WASHINGTON — In a bland Northern Virginia office building nestled between a Costco and a freeway interchange, a dozen government scientists have spent the past year crunching numbers and making the following determination: In 2018, drug makers will be allowed to produce no more than 98,145 kilos of oxycodone, 38,047 kilos of morphine, and 1,342 kilos of fentanyl.
The precise limits are set as part of a little-known process in which, every year, the Drug Enforcement Administration regulates the volume of controlled substances that can be produced in the United States.
The process was started nearly five decades ago to ensure that drug makers produced enough medicines to avoid shortages. But in the midst of a national opioid epidemic, fresh scrutiny of the quota system has spread to Capitol Hill, where Democratic lawmakers are pressing the DEA to use it for another reason — to help stem supply.
“It is clear that we need to reduce the amount of oxycodone and hydrocodone that DEA approves for manufacture each year and hold Big Pharma accountable for manufacturing a product that is leading to the deaths of hundreds of people every day,” said Sen. Edward Markey (Mass.), who has introduced a number of bills aimed at addressing the opioid crisis.
Rarely, however, has the quota system been used to eliminate or constrain supply for a class of drugs similar to opioids — created to fill a medical need but with consequences that, in at least some cases, have outweighed the medical benefits.
The lone historical exception is that of the sedative methaqualone, which was marketed until the early 1980s as Quaalude. The drug became so abused that it quickly fell out of favor with the medical community, and in conjunction with nose-diving prescription rates and manufacturer interest, the DEA began to lower the quota for methaqualone production in 1973. It hit zero in 1981.
But opioids are not quite analogous. No medical group thinks they are without merit when properly distributed, and a substantial number of pain patients would suffer if denied access to them.
Many experts are not sure using the quota system as a tool to constrain supply is a sound idea — and instead believe the focus should be on reducing prescriptions.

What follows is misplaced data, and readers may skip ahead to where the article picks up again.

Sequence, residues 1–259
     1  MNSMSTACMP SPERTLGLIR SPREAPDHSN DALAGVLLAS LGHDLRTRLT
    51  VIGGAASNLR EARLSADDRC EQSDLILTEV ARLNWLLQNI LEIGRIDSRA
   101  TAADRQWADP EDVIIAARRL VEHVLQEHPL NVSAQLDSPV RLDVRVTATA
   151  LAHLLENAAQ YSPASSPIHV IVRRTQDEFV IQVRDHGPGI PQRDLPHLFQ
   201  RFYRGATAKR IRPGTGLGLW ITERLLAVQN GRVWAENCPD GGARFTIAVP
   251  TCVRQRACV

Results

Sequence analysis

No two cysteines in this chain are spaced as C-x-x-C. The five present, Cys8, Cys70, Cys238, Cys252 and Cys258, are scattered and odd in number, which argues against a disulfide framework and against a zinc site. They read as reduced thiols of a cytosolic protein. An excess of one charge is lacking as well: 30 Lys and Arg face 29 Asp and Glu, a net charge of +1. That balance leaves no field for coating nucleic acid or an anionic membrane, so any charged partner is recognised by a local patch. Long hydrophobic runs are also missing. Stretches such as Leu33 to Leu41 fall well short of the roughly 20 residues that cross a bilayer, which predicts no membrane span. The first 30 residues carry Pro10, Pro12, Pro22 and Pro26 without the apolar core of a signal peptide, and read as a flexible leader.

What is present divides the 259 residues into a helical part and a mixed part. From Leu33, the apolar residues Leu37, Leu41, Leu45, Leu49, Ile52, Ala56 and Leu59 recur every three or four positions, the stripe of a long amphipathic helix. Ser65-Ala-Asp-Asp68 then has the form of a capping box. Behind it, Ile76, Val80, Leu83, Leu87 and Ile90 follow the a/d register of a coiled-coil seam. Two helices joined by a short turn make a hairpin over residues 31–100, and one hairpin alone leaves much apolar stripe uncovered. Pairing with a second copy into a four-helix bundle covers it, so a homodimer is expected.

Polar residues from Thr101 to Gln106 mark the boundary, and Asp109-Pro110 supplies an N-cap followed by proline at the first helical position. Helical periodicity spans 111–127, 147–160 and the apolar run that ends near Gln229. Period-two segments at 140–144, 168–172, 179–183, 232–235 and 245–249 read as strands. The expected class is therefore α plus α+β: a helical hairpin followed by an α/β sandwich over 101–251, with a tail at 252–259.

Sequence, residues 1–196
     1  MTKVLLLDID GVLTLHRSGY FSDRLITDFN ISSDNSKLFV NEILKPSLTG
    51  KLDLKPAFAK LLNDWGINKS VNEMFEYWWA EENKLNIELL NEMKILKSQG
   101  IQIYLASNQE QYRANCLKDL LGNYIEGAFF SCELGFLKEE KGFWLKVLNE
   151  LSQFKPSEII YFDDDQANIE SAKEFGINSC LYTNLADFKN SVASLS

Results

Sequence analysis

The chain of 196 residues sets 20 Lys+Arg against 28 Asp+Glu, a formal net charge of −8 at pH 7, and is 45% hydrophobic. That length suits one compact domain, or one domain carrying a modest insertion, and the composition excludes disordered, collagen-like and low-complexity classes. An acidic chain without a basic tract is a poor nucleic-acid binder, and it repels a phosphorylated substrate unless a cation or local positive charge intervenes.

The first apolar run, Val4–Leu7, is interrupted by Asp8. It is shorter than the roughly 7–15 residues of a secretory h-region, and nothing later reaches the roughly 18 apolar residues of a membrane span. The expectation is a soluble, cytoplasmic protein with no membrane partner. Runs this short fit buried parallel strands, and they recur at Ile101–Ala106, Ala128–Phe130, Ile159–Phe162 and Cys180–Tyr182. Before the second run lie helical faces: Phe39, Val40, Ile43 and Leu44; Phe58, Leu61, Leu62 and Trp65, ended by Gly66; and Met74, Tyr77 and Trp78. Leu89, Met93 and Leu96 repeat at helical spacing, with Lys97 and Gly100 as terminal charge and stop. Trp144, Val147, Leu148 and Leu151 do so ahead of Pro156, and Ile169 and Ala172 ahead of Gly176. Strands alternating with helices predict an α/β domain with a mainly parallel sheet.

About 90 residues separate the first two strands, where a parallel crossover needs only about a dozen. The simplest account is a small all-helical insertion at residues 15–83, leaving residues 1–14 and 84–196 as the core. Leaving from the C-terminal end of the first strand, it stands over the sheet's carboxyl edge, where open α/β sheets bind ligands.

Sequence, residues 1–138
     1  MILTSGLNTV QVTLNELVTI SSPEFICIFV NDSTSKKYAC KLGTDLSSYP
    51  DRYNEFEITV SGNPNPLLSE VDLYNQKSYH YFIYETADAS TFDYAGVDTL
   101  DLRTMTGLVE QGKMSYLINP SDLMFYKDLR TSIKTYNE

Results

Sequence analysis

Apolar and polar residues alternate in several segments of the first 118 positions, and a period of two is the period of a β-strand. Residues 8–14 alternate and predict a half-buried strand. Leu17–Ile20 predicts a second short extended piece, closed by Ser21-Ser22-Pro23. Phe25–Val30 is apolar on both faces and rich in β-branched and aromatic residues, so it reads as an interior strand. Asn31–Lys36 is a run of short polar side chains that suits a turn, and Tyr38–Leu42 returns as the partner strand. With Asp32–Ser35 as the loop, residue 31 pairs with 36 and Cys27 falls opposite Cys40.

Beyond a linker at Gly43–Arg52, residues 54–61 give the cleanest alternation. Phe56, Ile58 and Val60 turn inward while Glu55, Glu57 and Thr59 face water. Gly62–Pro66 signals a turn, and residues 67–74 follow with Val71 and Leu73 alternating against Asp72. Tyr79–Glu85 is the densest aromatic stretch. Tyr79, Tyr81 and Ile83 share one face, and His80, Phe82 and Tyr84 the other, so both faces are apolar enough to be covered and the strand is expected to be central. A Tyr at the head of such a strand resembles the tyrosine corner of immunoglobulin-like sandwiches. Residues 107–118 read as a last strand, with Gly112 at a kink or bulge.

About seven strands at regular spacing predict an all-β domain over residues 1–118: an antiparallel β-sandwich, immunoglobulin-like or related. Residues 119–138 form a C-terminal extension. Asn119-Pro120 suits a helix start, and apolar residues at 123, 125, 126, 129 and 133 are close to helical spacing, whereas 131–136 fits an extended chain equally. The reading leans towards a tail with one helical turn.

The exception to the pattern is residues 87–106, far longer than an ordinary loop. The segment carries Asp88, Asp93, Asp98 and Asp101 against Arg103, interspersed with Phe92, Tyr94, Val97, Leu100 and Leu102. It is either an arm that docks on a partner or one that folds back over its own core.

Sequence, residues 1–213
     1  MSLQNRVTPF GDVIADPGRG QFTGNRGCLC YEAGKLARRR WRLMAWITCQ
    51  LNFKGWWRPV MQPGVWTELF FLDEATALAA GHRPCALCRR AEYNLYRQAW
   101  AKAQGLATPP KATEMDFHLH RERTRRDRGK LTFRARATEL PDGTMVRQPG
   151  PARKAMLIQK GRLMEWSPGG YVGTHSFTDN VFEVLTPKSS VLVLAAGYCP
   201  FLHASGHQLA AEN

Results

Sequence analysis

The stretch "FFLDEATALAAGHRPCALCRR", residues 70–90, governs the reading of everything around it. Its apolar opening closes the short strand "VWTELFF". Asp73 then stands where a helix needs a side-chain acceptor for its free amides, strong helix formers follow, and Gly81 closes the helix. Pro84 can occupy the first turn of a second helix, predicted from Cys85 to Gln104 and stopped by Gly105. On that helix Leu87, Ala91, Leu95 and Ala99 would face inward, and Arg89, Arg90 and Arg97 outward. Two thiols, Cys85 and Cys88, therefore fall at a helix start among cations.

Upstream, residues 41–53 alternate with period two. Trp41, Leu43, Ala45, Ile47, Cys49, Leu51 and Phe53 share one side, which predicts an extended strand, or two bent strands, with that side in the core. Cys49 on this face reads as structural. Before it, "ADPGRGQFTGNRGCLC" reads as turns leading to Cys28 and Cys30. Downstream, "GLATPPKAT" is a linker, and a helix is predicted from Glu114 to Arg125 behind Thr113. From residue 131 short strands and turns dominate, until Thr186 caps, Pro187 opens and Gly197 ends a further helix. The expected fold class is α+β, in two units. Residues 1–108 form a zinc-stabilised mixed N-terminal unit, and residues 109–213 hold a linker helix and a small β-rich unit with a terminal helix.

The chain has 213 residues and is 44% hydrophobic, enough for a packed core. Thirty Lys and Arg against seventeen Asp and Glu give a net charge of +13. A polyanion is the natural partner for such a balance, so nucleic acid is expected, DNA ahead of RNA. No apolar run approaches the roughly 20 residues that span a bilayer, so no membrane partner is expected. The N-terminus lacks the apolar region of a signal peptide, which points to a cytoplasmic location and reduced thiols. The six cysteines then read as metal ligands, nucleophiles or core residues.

The DEA could have considered tightening quotas to address the crisis more than a decade ago, “when we were clearly already in the middle of an opioid crisis and it was clear the prescribing of OxyContin was happening at a rate much greater than could be clinically needed,” said Andrew Kolodny, the co-director of the Opioid Policy Research Collaborative at Brandeis University.
“Now,” he said, “I don’t think it makes any sense, because the prescribing peaked in 2011 and 2012.”
Still, some lawmakers say that the DEA has historically been too liberal in the setting of the quotas. In a letter to the agency’s acting administrator earlier this year, 16 Democratic senators noted that the agency allowed aggregate production quotas for oxycodone to increase thirty-nine-fold between 1993 and 2015, and quotas for fentanyl to increase twenty-five-fold.
“Further reductions are necessary,” wrote the senators, led by Sen. Dick Durbin, the chamber’s No. 2 Democrat.
Republicans have had little to say on the issue. And a Trump administration official, speaking on condition of anonymity, said the politicization of the quota system has created the potential for hospital shortages and access issues for pain patients who have legitimate medical needs.
Outside the United States, there are cautionary tales of government intervention in the supply of pharmaceutical drugs.
In Russia, for example, a heavy-handed regulatory system meant to guard against drug abuse has led to shortages, with highly publicized cases like that of a Russian naval officer with late-stage cancer who committed suicide after being unable to obtain sufficient pain medicine.
In Uganda, fear of a U.S.-style opioid crisis has left palliative care doctors without the necessary means to treat patients in their final, agonizing stage of life.
In the United States, the quota system is used for all Schedule II drugs — those that are deemed to have legitimate medical uses but that carry high potential for abuse. It also applies to a select number of stimulants, as well as research-oriented production of Schedule I drugs like marijuana and GHB deemed to have no accepted medicinal value.
To set the quotas, the DEA says it relies on estimates of legitimate medical need from the Food and Drug Administration, prescription levels from the previous year, manufacturers’ forecasts, and other data. A spokesman said the agency uses a strict formula, and does not take into account business or other circumstantial considerations.